Philly high-schoolers helped with a new study of a possible treatment for HIV

Philadelphia high schoolers Tiffani Billups, left, and Amal Oubarri use pipettes at the Wistar Institute, where they contributed to a new study of a possible treatment for HIV. Wistar Institute/TNS

PHILADELPHIA — Tiffani Billups burst in the front door of her home in Southwest Philadelphia and cried out excitedly: “Mom! I’m working with HIV!”

The teenager quickly reassured her mother that she wasn’t working with an active form of the virus, but a genetically engineered version that was unable to cause an infection.

Yet Billups, now a senior at Carver Engineering and Science school, had nevertheless been conducting legitimate experiments at Philadelphia’s Wistar Institute, testing a potential new treatment for HIV. She was one of 12 city high schoolers who performed the tests in July 2022, following a group of Cheyney University students who had conducted a similar suite of experiments earlier that year.

The results of the students’ experiments were so useful that they have now been included in a new published study from the research center in West Philadelphia.

Both groups were part of Wistar programs aimed at increasing diversity in the biomedical sciences. Their success illustrates that achievement is often a matter of simply getting the chance, said Wistar faculty member Ian Tietjen, the study’s lead author.

“Anybody can be a scientist,” he said. “It doesn’t matter who you are. Right away, you can contribute to an HIV study.”

The students tested the effects of a plant-derived, anti-inflammatory compound called hopeaphenol, which was first identified in certain red wines two decades ago. The name does not come from the word hope, yet that’s a fitting coincidence, as scientists have tested the compound against a variety of ailments, including COVID, in hopes that it might be beneficial.

So far, its promise has been mostly limited to the laboratory. But in testing the compound against HIV, Tietjen and Wistar colleague Luis Montaner, the study’s senior author, think they might be onto something.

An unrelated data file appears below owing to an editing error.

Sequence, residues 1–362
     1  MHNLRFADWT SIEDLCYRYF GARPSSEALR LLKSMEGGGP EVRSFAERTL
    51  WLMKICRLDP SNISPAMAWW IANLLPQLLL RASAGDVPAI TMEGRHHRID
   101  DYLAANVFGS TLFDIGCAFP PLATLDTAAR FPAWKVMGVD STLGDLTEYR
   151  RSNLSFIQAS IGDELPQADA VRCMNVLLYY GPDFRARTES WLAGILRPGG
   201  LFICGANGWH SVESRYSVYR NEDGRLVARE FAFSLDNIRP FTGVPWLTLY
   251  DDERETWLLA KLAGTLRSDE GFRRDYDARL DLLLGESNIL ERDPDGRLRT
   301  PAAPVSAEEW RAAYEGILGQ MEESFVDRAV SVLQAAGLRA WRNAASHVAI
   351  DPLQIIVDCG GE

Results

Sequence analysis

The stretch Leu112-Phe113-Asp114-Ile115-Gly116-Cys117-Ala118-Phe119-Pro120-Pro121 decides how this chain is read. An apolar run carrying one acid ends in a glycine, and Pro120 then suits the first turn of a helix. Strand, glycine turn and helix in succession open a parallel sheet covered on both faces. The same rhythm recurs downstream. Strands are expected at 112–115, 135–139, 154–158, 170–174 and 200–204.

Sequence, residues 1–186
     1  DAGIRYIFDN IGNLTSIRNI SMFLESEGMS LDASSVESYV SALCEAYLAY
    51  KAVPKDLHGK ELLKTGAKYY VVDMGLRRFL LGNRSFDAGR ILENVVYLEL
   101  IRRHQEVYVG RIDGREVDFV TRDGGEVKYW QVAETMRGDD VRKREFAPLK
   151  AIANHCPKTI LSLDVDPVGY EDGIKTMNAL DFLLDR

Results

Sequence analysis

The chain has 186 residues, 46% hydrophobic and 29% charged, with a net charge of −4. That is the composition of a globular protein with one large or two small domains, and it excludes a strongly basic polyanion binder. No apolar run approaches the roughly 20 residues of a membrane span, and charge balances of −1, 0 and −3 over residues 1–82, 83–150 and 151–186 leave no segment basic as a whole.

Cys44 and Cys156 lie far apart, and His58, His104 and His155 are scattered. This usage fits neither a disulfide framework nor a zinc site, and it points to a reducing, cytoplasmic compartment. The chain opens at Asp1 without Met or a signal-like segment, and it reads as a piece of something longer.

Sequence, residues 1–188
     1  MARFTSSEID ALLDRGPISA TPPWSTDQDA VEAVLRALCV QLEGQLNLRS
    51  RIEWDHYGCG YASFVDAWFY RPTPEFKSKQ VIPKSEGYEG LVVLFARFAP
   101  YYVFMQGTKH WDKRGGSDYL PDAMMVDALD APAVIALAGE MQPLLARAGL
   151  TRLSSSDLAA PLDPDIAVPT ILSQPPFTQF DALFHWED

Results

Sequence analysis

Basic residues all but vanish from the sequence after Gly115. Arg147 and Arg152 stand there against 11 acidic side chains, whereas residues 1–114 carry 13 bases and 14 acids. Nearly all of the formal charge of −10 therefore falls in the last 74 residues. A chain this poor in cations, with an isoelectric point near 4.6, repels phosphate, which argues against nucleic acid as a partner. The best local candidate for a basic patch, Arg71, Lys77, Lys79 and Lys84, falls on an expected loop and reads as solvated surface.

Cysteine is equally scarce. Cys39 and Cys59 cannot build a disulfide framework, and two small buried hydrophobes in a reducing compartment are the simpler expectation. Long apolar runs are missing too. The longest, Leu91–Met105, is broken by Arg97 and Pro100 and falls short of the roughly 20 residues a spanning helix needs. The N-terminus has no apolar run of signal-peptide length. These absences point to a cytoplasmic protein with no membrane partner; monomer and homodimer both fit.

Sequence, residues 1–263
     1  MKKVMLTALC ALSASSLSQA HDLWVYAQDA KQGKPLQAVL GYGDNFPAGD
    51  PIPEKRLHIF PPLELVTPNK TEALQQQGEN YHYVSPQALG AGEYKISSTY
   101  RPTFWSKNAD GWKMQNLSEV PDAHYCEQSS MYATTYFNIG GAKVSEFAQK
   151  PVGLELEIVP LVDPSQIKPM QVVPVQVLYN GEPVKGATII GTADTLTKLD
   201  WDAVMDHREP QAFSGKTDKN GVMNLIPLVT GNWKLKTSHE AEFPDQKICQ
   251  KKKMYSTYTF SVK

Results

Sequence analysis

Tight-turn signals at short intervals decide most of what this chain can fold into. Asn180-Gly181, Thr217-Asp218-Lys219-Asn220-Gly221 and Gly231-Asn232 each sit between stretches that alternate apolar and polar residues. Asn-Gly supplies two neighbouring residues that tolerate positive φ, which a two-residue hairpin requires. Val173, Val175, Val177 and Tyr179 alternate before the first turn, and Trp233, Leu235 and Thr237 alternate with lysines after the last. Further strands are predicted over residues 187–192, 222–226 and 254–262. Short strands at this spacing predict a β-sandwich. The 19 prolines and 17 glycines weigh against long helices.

In the study, the Wistar scientists found the substance might be useful as part of a one-two punch against HIV, complementing antiviral drugs that already are in wide use.

To understand how, it helps to recall the property that makes HIV so insidious. The virus infects cells in the immune system, directly interfering with the body’s ability to fight it off (hence the name, human immunodeficiency virus).

Current drugs are effective at keeping the virus below detectable levels, blocking the virus whenever it awakens from a dormant state inside those infected immune cells. As a result, patients now live for decades with an infection that once was almost always fatal.

Yet even that low level of virus can be a strain on the patient’s immune system, resulting in chronic, low-grade inflammation that may contribute to heart disease, cancer, and other illnesses, Tietjen said.

That’s where hopeaphenol might help.

Whereas current drugs can block the virus only after it awakens from its dormant state, hopeaphenol seems to block its activity at an earlier stage, preventing the virus from activating, the study authors found.

Tietjen likens the fight to a homeowner battling an infestation of mice. Current drugs act only when the animals emerge from a mousehole, whereas hopeaphenol seems to keep them inside.